Electronic Thesis and Dissertation Repository

Degree

Master of Science

Program

Health and Rehabilitation Sciences

Supervisor

Sheila Moodie, Ph.D

Abstract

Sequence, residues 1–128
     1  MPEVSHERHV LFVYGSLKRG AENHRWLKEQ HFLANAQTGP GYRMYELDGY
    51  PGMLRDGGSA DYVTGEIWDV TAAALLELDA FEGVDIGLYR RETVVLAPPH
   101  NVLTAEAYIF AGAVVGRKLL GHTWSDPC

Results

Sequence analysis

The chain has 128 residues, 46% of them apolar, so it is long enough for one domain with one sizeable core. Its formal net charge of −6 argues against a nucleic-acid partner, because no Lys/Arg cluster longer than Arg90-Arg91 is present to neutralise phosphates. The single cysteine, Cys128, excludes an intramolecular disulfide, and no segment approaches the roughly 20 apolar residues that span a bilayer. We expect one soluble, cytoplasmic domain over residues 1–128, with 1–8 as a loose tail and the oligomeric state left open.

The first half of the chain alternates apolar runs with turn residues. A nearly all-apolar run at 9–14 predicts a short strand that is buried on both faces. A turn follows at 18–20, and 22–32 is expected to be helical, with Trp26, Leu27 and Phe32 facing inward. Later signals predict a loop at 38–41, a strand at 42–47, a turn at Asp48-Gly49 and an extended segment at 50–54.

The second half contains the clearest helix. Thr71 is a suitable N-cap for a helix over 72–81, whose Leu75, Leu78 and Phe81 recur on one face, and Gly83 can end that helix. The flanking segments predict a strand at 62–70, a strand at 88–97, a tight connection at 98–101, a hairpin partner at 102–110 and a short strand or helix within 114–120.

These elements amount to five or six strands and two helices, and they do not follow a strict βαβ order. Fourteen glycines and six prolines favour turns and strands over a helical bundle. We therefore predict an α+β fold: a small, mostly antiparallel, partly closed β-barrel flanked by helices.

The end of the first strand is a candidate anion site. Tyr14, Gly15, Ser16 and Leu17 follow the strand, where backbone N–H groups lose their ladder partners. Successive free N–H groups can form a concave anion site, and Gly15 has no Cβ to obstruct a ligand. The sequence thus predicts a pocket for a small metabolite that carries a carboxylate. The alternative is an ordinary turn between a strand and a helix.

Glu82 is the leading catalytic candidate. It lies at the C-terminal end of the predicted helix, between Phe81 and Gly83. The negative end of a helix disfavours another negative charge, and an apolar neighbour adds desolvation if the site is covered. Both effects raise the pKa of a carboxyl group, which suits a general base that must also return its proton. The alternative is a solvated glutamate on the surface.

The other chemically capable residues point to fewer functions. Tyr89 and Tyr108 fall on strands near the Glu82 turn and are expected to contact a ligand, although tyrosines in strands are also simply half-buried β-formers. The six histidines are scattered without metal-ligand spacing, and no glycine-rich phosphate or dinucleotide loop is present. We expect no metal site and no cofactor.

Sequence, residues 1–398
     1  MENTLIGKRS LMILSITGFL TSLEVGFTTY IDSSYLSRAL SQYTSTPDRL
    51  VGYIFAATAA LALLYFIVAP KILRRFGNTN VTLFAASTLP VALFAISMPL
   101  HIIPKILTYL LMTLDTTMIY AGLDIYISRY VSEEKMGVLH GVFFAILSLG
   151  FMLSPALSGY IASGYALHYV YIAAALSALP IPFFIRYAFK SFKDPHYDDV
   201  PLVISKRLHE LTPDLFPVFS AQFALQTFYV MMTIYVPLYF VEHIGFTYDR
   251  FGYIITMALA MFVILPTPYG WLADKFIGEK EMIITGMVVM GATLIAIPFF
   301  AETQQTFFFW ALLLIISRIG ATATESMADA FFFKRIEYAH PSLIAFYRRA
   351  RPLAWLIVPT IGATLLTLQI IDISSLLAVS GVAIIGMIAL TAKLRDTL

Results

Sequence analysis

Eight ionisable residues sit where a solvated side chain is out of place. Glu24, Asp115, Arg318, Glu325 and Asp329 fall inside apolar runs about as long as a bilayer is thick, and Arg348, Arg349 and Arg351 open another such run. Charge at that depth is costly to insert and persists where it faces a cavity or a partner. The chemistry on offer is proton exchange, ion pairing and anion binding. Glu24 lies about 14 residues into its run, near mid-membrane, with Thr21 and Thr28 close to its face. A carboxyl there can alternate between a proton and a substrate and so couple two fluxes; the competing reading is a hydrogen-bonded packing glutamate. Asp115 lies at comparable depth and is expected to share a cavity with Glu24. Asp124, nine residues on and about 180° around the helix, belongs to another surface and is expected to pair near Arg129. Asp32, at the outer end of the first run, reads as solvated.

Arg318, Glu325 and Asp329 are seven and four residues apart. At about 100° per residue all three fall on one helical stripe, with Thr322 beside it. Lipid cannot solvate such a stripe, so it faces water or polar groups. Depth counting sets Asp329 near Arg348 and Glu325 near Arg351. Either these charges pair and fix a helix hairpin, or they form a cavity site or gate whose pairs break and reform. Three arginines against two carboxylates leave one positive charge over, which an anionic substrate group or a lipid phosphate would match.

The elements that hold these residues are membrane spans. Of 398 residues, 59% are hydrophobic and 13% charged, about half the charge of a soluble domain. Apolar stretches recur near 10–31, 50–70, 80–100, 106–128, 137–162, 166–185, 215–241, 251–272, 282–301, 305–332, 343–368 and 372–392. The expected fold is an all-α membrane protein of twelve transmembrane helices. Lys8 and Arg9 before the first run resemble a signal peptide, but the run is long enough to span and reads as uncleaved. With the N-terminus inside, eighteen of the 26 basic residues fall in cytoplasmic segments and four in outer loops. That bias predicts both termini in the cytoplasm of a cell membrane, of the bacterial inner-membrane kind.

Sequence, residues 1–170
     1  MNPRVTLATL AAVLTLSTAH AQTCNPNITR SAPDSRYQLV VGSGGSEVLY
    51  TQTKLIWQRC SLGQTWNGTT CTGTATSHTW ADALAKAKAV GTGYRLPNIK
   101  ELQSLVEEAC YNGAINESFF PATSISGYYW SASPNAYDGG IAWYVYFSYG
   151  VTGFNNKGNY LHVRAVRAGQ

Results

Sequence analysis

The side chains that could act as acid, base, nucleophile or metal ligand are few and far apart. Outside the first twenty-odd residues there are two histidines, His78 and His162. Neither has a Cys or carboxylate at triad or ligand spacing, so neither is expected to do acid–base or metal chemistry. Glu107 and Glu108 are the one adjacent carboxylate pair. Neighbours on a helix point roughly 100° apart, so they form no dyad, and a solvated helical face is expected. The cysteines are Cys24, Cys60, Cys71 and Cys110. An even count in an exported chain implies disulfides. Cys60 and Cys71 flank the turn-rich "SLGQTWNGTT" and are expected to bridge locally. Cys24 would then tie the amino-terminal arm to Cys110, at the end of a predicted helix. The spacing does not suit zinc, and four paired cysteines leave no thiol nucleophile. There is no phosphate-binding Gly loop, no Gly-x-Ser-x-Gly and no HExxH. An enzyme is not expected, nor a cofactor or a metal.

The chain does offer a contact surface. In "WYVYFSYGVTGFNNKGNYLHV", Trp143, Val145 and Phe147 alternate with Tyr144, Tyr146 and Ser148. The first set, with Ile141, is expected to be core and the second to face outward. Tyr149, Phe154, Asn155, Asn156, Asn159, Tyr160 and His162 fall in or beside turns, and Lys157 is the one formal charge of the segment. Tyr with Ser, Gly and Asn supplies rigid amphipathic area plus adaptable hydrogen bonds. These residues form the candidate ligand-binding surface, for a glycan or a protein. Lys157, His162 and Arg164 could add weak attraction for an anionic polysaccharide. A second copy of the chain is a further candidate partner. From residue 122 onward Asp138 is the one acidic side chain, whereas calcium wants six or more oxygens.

An exploratory, mixed-method and multi-level research design was employed to examine relationships among students’ hearing loss, academic achievement and self-regulation (SR), classroom background noise levels, teachers’ perceptions of inclusion of students who are hard of hearing (HH) and features of classroom instruction that support SR. Data consisted of 10 elementary teachers’ perceptions of the inclusion, and ratings of 131 students’, of whom 8 were hard of hearing, SR and academic achievement scores. Classroom observations were conducted to obtain background noise levels and to examine whether and how teachers implement the features of classroom contexts to support SR within their classroom. Results indicated that a) hearing status predicted SR, b) SR predicted academic achievement for normal hearing (NH) and hard of hearing (HH) students, c) HH students’ received lower SR ratings than NH peers, and d) classroom background noise levels were negatively related to the use of features of instruction to support SR and to teachers’ knowledge and understanding of hearing loss. These results highlight the importance for further teacher education to emphasize a) the effects of hearing loss on learning and SR, b) the influence of classroom background noise levels on HH and NH students’ success, and c) effective strategies for creating an inclusive classroom.


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